H&HN: Consumer Segmentation Just Hit Health Care
Hospitals & Health Networks® (H&HN) recently published an article written by Lola Butcher titled “Consumer Segmentation Just Hit Health Care. Here’s How It Works.” In the article, Butcher details how several pioneering health systems are using consumer segmentation to improve patient care. She points out that health systems routinely segment patients for various purposes, such as insurance status, risk stratification or marketing. However, what is new is combining previously untapped data and information from a wide range of sources, including patients themselves, and analyzing it to support more customized — and effective — care delivery.
“This kind of consumer insight research is standard practice in other industries,” said Dan Clarin, senior vice president at consulting firm Kaufman Hall & Associates. Clarin previously worked at Walgreens, one of many retailers with deep knowledge of customers’ preferences and buying habits. “There’s almost an air of inevitability that segmentation is going to have to come to health care. There are so many case examples in other industries that providers can look to and see that it has worked really well. So why aren’t we doing it?”
In fact, some health systems are now using psychographic segmentation with much success. What has been common practice for the most successful consumer companies like Walgreens and P&G is now being leveraged in more progressive healthcare organizations.
TriHealth Uses c2b solutions Psychographic Segmentation Model
One of the health systems featured in the H&HN article is TriHealth in Cincinnati, Ohio. TriHealth is leveraging c2b solutions’ psychographic segmentation model to classify patients with diabetes or musculoskeletal issues according to one of five “health personalities” based on their motivations and approaches to health and wellness. Psychographics pertain to people’s values, attitudes, personalities and lifestyles, and are a key to activating behavior change.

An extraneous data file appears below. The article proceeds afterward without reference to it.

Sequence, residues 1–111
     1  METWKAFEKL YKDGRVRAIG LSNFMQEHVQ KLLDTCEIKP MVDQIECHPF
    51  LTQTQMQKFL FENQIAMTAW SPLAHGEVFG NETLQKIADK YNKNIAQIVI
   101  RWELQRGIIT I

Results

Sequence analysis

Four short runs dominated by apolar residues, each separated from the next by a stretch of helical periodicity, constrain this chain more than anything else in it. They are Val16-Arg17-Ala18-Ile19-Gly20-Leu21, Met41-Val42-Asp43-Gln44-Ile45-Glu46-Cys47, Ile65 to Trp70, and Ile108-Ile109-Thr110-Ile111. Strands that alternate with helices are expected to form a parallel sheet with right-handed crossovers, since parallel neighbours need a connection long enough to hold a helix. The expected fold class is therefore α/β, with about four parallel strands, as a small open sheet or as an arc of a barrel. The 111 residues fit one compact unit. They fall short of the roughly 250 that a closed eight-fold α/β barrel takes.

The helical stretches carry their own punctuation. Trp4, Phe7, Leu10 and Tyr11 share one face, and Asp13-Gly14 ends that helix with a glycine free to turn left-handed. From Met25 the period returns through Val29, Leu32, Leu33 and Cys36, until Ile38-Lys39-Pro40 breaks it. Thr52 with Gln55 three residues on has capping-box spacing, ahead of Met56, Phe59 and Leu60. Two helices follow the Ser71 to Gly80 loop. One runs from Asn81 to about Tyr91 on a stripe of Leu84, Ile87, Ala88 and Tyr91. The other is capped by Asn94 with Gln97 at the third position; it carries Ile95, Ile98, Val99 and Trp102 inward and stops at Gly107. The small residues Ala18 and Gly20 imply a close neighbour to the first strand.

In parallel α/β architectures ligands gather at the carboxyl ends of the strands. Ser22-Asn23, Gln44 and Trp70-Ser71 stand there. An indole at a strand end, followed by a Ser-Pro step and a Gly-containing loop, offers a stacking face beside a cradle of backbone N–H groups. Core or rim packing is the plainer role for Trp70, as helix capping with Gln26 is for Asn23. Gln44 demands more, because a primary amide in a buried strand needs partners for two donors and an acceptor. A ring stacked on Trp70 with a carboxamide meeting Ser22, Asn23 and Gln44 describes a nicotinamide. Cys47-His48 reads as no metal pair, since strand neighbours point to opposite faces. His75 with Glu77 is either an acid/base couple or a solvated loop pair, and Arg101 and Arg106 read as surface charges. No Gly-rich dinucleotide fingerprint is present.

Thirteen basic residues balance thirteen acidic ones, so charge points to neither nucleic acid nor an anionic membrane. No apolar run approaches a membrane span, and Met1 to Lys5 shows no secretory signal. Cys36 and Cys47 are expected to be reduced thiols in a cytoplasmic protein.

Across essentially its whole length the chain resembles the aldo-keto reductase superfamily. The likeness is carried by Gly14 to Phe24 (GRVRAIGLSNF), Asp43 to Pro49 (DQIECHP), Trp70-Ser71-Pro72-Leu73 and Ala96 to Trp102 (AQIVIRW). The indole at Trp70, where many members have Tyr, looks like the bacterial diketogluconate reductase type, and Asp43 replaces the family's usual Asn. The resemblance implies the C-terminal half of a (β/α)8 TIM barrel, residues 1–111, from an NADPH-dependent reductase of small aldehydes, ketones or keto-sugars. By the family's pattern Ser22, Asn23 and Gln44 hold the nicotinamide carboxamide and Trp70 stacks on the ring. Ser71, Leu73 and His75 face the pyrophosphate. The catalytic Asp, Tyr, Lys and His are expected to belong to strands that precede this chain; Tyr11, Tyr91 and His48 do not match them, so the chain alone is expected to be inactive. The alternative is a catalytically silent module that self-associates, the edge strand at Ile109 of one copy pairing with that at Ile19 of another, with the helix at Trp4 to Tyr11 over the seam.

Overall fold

Terri Hanlon, chief operating officer of TriHealth Corporate Health, said, “As we all know, not everybody wants to engage in healthy behaviors on a regular basis consistently. So this nagging question in my mind has always been: What really motivates folks who do what they do?”
Health coaches have been trained to use their knowledge of the psychographic segments to customize their communications and enhance patient engagement. Patients answer a 12-question survey developed by c2b solutions and are classified as one of the following segments:
- Direction Takers
- Balance Seekers
- Willful Endurers
- Priority Jugglers
- Self Achievers
“If someone is a Balance Seeker, you have to give them choices, and you cannot tell them what to do,” Hanlon says. “But with Direction Takers, you need to say, ‘I want you to do this,’ and they will take that and go with it.”
TriHealth Corporate Health conducted a three-month pilot program with 210 patients, which was deemed successful. The pilot program demonstrated that the consumer segmentation strategy improved goal attainment, which is how health coaches measure success. It also improved satisfaction for both participants and coaches.
“Where coaches in the past had been frustrated and thinking, ‘Oh, what do I do for this person? I’ve tried everything,’ all of a sudden, those frustrations were being resolved and eliminated, and the interaction became a win-win,” Hanlon indicated. “The coach felt good about her intervention with the individual, and the individuals felt good because they were meeting their goals.”
Hanlon continued, “We’re taking this to all of our health coaches, both in condition management and in wellness coaching. This will reach about 30 individual coaches and probably about 3,000 individuals.”
More Health Systems Taking the Lead in Consumer Segmentation
The H&HN article also highlights Novant Health, a four-state network based in Winston-Salem, N.C., is also developing a consumer segmentation strategy to inform the system’s interactions with patients.
“If we better understand our segments so we know what their preferences are and how they want to be engaged, we can become more aligned with their needs,” says Jesse Cureton, chief consumer officer at Novant Health. “The other side of the coin is about clinical care. Better engagement correlates with our ability to provide better health care and ultimately improve the health of the communities we are in.
Psychographic segmentation can lend itself to population health management. Just because a given population may share a common health condition does not mean each member of that population thinks and acts alike. Psychographic segmentation can avoid a “one size fits all” approach that limits the effectiveness of population health management.
Population Health News recently asked me to write an article for their publication discussing the application of psychographic segmentation to population health. Population Health News recognized that consumer segmentation has a role in health care, using consumer insights to supplement traditional approaches to improve the patient experience.
In the article, I detailed the methodology behind c2b solutions’ psychographic segmentation model and provided descriptions of the segments outlined by Terri Hanlon, of TriHealth, above (percentages reflect each segment’s incidence in the population):